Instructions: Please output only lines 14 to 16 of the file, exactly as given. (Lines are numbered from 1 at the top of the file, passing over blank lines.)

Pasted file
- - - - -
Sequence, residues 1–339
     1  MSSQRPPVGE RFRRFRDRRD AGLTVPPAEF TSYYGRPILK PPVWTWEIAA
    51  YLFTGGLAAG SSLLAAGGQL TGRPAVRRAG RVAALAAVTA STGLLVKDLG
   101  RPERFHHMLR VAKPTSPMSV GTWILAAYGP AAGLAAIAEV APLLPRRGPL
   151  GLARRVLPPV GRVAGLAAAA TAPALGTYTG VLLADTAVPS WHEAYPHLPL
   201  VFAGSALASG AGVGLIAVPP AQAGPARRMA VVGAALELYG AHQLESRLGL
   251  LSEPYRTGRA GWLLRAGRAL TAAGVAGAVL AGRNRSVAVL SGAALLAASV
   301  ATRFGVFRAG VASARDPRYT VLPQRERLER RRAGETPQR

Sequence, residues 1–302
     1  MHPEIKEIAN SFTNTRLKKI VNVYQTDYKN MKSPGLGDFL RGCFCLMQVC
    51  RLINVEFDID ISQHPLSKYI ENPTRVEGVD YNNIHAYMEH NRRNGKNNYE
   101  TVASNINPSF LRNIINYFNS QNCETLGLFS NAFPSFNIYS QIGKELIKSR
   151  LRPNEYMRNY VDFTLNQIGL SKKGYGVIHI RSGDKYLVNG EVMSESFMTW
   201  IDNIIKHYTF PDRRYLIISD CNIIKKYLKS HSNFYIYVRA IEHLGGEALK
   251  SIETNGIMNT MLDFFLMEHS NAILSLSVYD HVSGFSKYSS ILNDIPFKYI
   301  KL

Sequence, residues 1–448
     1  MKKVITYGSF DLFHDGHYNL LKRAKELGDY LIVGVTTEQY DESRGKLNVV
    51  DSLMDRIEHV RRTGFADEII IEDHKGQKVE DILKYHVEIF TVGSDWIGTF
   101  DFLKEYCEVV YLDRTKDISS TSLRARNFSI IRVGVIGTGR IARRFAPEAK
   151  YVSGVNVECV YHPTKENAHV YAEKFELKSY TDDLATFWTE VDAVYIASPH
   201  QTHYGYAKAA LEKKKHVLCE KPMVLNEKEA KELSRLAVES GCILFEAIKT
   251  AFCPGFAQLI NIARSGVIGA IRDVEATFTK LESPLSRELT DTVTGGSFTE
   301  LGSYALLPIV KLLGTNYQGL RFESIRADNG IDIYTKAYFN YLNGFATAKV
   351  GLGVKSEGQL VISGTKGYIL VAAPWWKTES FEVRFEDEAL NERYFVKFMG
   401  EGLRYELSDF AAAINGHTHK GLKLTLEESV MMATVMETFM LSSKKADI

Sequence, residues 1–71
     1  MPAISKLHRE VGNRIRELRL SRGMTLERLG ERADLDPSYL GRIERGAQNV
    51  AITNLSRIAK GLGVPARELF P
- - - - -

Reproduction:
   201  IDNIIKHYTF PDRRYLIISD CNIIKKYLKS HSNFYIYVRA IEHLGGEALK
   251  SIETNGIMNT MLDFFLMEHS NAILSLSVYD HVSGFSKYSS ILNDIPFKYI
   301  KL